4 Ways Every Manager Can Create a Positive Learning Culture

A whopping 87% of managers and executives polled in a McKinsey Global Survey said they’re experiencing gaps in work performance or expect to within a few years. All of this comes as L&D teams are stretched thin and looking for ways to ease bandwidth challenges. Begging the question – what if your staff had the knowledge and confidence to address skill gaps early on and on their own , rather than waiting for L&D to identify and address the issue. What if they had a plan and tools in place already?

Furthermore, recent studies show managers do not provide consistent talent development guidance or support. For example, in a 2019 study conducted by Degreed, only 17% of employees said their manager helped them set goals.

So how can managers create a positive learning culture and support talent development?

According to research, managers foster learning when they:

1.  Give advice on what to learn and co-create a roadmap centered around skills

Managers promote a culture of learning by helping employees regularly evaluate their current skills, and create learning roadmaps to close any skill gaps, lay out learning opportunities to amplify their performance in their current role, and upskill to be ready for what’s next.

One way managers can ensure learning roadmaps don’t collect dust once created is by establishing a few question prompts in regular 1-on-1s that help an individual reflect on their learning progress. For example, try “What was a growth moment for you this week? What feedback have you received that you can apply to your development? What projects or tasks do you think could support your growth in this skill?”

2.  Construct environments that promote ongoing learning and development

Managers can encourage ongoing learning by making small tweaks in their team members’ day-to-day environments and activities. At Tractus, we incorporate learning into our weekly team meetings by kicking off with a “Win-Lose-Learn” activity. Each person shares an accomplishment, a situation/task/project that didn’t go well, and something they are focused on learning at the moment. Not only does it promote self-reflection with a learning mindset, it also allows team members to be more connected to each other and jump in to support others with their development after the call.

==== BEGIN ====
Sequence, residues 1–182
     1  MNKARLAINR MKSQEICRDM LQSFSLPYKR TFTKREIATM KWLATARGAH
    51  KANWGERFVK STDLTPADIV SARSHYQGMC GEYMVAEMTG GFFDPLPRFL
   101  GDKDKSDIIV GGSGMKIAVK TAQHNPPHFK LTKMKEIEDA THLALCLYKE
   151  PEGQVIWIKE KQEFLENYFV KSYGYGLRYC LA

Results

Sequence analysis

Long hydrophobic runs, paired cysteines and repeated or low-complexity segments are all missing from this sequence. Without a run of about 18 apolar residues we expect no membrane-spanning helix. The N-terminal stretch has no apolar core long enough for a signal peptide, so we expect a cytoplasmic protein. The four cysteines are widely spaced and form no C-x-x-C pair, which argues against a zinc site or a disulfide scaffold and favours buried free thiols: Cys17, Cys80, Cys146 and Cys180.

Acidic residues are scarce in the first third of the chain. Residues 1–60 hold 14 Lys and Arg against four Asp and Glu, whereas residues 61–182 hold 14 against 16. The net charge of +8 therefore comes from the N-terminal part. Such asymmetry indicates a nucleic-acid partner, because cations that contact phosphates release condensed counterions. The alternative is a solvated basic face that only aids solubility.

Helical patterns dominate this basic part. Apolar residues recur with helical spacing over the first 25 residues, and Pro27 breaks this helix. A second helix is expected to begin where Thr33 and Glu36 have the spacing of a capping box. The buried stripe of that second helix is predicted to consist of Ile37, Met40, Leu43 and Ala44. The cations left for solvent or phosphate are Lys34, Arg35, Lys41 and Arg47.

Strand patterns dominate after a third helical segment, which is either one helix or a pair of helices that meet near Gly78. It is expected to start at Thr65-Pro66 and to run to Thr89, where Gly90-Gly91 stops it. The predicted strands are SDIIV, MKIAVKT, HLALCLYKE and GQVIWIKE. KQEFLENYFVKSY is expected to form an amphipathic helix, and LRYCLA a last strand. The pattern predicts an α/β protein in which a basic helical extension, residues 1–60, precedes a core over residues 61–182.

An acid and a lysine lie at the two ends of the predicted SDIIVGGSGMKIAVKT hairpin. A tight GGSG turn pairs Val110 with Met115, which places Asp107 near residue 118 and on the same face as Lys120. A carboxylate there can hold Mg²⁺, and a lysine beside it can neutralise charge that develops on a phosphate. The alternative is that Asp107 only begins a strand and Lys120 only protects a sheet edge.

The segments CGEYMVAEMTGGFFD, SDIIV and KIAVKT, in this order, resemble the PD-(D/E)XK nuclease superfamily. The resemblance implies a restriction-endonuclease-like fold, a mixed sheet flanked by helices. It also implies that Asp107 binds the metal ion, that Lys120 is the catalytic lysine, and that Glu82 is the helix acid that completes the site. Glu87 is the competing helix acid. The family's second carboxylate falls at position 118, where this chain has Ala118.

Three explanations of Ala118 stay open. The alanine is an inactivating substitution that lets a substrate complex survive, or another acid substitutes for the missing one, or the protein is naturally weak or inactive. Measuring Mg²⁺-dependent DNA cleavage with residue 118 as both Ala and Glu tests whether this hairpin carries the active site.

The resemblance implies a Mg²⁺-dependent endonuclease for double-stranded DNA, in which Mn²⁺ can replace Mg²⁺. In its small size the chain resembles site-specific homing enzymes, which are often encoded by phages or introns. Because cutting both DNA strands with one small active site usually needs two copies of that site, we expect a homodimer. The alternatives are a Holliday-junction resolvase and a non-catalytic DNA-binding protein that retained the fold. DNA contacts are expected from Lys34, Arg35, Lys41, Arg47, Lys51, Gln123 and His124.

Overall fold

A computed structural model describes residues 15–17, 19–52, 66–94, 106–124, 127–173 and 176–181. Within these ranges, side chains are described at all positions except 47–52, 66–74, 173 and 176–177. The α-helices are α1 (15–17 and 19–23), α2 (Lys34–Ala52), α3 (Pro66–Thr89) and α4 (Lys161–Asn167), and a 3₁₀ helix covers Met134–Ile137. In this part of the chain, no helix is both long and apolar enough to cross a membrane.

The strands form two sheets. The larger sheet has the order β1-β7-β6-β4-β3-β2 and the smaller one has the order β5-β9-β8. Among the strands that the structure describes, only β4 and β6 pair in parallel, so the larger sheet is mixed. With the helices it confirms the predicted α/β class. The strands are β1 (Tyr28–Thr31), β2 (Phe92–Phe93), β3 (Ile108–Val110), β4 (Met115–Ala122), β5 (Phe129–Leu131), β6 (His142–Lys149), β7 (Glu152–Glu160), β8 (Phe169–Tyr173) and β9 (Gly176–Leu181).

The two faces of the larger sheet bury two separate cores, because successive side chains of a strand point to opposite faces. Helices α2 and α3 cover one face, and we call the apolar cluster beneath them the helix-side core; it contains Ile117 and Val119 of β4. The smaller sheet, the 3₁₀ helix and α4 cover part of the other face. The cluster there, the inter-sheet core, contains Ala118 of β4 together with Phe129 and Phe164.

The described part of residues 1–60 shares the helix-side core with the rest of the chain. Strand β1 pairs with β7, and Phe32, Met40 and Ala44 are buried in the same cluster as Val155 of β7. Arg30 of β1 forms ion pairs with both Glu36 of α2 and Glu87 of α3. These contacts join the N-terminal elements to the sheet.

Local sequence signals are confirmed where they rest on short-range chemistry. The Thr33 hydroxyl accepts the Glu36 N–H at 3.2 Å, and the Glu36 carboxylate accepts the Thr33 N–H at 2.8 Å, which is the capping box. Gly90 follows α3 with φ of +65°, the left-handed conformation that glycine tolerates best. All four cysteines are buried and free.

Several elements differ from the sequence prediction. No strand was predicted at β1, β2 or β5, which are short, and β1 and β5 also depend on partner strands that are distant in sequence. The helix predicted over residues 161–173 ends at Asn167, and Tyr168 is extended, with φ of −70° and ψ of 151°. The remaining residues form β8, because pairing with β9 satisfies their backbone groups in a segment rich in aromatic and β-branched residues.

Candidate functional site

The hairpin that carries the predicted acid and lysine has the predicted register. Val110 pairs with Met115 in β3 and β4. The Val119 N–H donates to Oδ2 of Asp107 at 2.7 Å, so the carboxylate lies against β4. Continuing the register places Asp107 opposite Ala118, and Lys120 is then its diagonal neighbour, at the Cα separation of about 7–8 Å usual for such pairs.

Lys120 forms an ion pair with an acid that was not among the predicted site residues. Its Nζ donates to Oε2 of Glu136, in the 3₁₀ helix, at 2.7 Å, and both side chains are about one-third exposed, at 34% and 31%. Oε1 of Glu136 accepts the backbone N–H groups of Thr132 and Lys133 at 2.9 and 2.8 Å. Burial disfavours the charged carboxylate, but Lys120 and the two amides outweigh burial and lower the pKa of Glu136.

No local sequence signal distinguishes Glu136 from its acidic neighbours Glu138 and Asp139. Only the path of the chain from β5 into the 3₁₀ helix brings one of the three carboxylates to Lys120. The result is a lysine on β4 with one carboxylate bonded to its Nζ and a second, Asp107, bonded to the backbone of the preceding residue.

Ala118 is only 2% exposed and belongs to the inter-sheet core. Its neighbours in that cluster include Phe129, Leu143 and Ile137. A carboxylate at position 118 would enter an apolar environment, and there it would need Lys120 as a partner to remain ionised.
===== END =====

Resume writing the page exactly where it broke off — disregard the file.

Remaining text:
Another simple way to embed skills development into meetings is by sharing online content about a hot topic that was discussed during a team gathering. With tools like Degreed, managers can easily share articles or podcast episodes in a few clicks, and ask team members to collaborate online about a key takeaway from the content that they can practice or put into action.

Small tweaks to existing environments like these can help the organization adopt a learning architecture that supports an expanded vision of learning and development.

3.  Share perspectives and progress insights about employee growth.

Managers should supply ongoing feedback on not only tasks completed but on learning goals reached. It’s important for managers to feel equipped with tools and data to help drive an individual’s development For example, managers using Degreed have one-click visibility into what content an individual is engaging with and how their learning progress connects to their skills, giving them valuable conversation prompts during 1-on-1s and discussions about performance and development.

4.  Increase chances for skill development, application, and practice.

Managers that have a healthy learning culture encourage hands-on training and keep their staff informed of opportunities that allow individuals to put their learning into practice. Leaders can network with other managers to fill talent gaps on project teams by advocating for team members to contribute in some way. These exploratory experiences can bring development plans to life by providing a roadmap of behaviors to acquire or sharpen for future roles. Smart managers also understand that they can’t keep their top performers forever – rather than hoarding their stars, they should ensure other leaders know their value, skills, and impact on business performance. Sharing individuals’ success stories across the organization will open up additional learning opportunities for employees to explore.

Whether you’re an L&D expert seeking fresh approaches to share with managers or a manager with a motivated staff, at Tractus, we believe people are more engaged, teams are more agile, departments adjust more quickly, and organizations thrive quicker when the above four principles are followed by managers. To learn more about how Tractus can help your team and managers foster a positive learning environment, email

Written by

Amalia Swanson